(CNS) Rafaela Gonzalez spent the wee hours of March 19 watching the installation of the first Argentine pope on the big screens outside the city’s cathedral. She spoke with admiration about Pope Francis, with disdain for the country’s political picture and with concern for the church in a country with an overwhelmingly Catholic population, but a flock moving further from parishes, priests and church practices.
“It’s a very superficial Catholicism” in Argentina, said Gonzalez, a nurse and a member of the Schonstatt Sisters of Mary, a secular institute. “We have catechism classes, but it has not done a lot to deepen the faith.”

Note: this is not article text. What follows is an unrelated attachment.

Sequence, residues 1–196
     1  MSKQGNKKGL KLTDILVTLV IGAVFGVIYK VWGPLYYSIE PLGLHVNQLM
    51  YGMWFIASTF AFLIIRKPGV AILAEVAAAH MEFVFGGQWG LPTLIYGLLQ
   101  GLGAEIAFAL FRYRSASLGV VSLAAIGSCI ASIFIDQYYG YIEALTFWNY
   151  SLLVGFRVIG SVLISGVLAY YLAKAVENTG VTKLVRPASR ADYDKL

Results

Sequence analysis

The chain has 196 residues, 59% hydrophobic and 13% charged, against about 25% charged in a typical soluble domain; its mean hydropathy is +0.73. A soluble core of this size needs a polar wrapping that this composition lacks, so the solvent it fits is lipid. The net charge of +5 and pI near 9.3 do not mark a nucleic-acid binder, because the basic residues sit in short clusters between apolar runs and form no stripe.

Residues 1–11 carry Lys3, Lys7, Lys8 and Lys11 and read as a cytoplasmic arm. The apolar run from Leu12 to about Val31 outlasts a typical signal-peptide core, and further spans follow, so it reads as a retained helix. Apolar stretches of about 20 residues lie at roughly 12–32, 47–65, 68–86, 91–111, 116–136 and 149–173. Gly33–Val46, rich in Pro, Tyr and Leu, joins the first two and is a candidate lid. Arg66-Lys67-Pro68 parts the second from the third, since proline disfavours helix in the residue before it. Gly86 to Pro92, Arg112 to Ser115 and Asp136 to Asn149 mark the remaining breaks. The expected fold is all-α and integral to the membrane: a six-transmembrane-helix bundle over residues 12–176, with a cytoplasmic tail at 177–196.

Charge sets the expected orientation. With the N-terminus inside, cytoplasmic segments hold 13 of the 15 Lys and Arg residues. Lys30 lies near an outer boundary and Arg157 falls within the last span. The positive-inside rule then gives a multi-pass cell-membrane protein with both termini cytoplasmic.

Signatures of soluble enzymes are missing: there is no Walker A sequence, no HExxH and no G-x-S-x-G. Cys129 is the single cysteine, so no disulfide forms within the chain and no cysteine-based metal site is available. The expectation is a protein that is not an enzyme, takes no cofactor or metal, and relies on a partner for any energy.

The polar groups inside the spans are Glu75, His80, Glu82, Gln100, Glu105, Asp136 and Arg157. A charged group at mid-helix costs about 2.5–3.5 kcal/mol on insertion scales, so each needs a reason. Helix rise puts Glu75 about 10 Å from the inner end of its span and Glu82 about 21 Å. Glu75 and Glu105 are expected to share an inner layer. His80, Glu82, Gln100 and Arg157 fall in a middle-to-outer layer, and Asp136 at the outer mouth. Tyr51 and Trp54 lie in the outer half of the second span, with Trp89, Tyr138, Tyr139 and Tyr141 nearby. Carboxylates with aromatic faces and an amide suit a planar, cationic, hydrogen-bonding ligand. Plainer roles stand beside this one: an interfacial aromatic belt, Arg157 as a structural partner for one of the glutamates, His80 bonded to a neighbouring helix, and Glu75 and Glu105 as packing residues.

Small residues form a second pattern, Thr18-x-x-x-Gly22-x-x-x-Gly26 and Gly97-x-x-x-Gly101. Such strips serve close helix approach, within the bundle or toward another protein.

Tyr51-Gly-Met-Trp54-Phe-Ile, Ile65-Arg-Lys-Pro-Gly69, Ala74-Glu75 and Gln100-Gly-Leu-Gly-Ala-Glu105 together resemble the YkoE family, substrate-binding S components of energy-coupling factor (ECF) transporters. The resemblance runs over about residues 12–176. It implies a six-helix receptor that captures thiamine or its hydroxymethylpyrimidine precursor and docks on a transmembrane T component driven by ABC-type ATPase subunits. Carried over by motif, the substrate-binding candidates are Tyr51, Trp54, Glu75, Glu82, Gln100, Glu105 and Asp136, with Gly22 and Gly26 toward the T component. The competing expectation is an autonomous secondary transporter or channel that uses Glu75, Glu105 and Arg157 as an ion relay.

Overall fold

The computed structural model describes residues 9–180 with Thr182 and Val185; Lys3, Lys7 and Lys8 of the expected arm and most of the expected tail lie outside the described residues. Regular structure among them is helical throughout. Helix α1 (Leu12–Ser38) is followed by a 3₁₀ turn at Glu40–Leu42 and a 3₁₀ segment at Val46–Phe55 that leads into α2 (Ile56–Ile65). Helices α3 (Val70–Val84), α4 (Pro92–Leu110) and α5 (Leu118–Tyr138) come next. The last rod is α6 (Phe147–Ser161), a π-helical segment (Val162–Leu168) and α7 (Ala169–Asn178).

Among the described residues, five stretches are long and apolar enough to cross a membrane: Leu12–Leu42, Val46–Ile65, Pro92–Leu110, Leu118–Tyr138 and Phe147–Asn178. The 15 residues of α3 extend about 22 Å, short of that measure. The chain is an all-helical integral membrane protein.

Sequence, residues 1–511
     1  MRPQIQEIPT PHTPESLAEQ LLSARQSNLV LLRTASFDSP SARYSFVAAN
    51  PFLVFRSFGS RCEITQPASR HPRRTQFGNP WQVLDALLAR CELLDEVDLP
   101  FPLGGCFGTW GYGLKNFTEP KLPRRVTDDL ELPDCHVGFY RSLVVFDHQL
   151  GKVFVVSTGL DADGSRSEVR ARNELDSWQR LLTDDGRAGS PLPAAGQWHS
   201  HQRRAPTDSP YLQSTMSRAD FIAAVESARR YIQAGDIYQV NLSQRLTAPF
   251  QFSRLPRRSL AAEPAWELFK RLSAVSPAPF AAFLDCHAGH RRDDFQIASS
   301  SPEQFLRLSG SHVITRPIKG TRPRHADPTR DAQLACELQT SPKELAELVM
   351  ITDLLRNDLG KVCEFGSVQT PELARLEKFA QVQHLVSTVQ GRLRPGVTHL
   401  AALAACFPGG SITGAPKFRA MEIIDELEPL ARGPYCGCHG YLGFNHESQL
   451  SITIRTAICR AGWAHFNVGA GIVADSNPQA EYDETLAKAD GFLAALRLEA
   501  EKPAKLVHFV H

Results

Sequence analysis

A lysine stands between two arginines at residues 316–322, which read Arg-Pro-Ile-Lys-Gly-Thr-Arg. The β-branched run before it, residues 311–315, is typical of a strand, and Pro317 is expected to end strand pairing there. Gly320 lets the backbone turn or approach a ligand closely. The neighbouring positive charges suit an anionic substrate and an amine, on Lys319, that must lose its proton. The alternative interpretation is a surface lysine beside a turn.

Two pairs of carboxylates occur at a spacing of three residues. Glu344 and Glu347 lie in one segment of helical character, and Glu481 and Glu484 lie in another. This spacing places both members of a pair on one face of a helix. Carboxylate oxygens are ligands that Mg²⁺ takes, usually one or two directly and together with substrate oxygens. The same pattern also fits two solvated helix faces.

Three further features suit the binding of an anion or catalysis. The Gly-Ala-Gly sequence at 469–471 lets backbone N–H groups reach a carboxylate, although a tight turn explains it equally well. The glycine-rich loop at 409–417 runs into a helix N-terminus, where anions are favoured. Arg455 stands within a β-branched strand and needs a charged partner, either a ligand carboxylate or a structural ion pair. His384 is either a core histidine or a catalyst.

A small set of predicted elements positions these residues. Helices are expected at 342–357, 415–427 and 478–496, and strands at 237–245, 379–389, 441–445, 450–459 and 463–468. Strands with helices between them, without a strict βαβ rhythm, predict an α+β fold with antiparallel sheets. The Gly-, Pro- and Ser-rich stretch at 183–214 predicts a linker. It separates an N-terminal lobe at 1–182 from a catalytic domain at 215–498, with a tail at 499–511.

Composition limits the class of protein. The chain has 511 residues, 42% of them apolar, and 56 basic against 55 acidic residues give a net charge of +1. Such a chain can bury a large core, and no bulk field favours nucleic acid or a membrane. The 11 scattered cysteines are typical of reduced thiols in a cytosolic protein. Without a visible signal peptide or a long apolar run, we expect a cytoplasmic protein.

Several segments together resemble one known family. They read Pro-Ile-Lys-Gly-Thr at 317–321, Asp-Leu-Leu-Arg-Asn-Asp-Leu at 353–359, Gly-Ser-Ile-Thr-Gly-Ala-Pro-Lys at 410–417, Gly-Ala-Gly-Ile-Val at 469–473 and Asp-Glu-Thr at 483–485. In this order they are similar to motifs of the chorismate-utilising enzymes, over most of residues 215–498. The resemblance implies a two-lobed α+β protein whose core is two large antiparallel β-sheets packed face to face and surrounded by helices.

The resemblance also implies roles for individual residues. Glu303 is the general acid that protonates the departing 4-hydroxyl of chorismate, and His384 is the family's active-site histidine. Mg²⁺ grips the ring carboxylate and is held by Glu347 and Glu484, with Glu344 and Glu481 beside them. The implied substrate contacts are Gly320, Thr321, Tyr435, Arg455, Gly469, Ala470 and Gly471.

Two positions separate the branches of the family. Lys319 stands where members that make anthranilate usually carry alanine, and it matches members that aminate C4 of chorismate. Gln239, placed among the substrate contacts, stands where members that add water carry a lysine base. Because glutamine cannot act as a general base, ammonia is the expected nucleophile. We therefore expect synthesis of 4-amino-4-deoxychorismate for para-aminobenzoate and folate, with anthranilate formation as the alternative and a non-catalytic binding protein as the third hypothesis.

Her concerns and complaints cut to the reality of a country where the majority claims to be Catholic, pride for the pope is common and questions persist about the church’s role during the 1976-1983 military dictatorship. [More]